Often we get caught up in the final product of the learning activity, but it is the process that is truly important. In gathering the information and ultimately explaining their learning to a stranger, students had plenty of opportunity to demonstrate their mastery of our 21C competencies. I asked students tough questions about their design and I am pleased to say they could answer the question or at least recognize the issue as a challenge in their design. The kids were invested in the activity because it was engaging and real. They walk or ride by the land in question and want to contribute to a solution to make it better. They were given an authentic problem and access to real world experts and resources. This was not open the textbook, read a chapter, and answer 1,2,4 and 7. Kids toured the site, learned the nuances of the land, looked at a solution from multiple perspectives, and had to handle competing priorities and diverse opinions. It was real and they made their learning visible.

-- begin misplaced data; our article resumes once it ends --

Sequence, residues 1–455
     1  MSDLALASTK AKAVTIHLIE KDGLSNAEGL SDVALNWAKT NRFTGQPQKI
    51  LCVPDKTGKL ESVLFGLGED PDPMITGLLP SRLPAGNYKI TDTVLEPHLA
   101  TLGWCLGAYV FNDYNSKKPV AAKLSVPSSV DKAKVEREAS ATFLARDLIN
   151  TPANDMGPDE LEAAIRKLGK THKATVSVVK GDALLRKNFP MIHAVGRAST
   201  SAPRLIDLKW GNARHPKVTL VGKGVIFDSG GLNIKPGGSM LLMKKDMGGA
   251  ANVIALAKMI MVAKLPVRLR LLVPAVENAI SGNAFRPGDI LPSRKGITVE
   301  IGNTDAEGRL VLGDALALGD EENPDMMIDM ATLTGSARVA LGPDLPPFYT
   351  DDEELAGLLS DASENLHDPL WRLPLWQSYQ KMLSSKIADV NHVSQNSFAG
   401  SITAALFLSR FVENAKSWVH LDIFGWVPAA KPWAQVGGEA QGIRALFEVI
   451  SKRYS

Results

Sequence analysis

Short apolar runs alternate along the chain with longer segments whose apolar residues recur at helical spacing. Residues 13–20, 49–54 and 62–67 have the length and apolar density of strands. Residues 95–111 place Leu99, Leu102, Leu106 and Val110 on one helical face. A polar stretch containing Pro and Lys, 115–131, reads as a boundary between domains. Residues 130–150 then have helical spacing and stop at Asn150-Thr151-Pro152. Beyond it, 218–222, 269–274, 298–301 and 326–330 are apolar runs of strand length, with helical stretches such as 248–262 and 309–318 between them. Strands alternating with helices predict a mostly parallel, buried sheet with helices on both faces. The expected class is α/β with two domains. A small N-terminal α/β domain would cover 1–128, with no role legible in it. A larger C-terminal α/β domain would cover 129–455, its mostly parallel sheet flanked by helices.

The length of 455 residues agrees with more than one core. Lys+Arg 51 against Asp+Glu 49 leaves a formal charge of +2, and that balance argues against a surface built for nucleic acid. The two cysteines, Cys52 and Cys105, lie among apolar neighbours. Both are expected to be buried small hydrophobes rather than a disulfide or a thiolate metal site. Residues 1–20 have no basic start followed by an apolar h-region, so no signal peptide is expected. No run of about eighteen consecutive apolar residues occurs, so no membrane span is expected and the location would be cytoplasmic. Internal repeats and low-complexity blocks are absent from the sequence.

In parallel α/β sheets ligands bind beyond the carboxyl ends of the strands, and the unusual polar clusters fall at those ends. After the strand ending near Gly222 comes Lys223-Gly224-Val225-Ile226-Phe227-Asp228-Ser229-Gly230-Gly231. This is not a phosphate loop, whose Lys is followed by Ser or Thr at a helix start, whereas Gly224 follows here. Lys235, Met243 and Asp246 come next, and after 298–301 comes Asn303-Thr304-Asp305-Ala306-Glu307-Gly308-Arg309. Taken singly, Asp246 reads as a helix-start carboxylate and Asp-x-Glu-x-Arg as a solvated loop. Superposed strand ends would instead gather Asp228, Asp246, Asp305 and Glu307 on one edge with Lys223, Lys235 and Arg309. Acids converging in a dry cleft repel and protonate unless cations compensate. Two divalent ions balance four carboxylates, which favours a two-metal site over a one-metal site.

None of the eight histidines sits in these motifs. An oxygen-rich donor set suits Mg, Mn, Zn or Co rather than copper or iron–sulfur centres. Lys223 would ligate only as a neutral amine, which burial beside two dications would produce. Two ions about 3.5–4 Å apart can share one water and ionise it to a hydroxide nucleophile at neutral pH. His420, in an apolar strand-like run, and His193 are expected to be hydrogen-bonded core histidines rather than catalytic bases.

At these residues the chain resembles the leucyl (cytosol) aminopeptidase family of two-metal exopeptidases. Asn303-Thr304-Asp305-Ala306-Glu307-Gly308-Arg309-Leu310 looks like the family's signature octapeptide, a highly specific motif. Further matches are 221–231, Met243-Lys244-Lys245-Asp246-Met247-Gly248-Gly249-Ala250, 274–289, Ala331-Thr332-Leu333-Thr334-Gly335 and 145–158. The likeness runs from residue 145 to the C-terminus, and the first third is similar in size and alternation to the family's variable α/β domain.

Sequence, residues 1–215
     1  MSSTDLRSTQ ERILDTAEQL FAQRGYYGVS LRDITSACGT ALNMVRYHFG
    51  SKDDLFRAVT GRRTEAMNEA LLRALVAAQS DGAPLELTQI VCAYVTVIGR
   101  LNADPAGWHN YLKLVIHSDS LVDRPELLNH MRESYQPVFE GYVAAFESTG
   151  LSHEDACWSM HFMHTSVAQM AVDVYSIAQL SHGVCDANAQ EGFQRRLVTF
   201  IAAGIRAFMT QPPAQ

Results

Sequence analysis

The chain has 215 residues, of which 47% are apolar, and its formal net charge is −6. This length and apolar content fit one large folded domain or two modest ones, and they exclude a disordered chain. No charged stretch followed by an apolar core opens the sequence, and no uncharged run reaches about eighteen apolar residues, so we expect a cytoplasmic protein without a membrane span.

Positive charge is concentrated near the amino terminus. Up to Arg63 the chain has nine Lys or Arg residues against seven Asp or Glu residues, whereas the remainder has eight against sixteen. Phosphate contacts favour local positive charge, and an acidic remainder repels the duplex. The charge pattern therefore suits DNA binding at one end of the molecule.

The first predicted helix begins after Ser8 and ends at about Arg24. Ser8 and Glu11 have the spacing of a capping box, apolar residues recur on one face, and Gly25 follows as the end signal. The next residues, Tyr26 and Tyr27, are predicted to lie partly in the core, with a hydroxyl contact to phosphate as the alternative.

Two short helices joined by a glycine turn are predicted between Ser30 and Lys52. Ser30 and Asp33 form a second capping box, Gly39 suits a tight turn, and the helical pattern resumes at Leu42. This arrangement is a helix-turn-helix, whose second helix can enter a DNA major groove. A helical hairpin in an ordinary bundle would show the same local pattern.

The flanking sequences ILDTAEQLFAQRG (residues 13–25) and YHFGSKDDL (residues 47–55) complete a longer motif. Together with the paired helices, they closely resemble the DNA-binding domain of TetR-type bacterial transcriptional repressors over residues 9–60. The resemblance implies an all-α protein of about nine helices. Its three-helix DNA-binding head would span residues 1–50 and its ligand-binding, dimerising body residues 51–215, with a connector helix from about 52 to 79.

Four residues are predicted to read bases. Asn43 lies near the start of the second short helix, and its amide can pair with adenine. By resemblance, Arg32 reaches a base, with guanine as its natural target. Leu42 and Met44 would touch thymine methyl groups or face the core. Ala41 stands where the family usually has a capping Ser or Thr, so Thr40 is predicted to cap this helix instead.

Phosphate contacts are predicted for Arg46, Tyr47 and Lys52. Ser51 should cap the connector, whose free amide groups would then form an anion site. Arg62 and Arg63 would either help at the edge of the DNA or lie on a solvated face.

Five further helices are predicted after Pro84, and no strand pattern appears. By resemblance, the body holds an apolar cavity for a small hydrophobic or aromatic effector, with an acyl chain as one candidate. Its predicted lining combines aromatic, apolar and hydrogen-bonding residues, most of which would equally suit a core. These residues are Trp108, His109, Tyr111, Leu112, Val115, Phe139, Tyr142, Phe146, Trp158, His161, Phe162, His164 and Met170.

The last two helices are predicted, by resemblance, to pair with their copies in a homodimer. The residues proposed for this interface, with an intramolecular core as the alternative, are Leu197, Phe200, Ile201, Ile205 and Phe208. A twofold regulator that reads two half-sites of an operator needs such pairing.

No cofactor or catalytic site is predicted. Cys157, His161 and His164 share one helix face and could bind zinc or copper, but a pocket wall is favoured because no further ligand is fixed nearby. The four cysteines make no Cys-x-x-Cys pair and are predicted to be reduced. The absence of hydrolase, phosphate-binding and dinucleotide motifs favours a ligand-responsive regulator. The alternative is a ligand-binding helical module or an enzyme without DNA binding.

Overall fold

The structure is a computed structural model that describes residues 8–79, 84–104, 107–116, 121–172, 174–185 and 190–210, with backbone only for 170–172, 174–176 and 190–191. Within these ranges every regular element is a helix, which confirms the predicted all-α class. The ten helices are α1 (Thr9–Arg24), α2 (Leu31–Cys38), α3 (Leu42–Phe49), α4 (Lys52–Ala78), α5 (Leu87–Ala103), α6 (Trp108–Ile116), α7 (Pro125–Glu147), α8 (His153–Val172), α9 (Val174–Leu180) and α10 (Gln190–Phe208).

As I mentioned earlier, this is a common occurrence in RVS. I saw on Twitter the previous week about grade 3 Sarah Thompson School students designing and building models/blueprints for ways to address opportunities and challenges in the hamlet of Langdon. They shared their ideas and presented to the local county Policy and Priorities committee. I cannot list all the examples so just watch #rvsed to see some of the amazing ways our staff are making it real.

Greg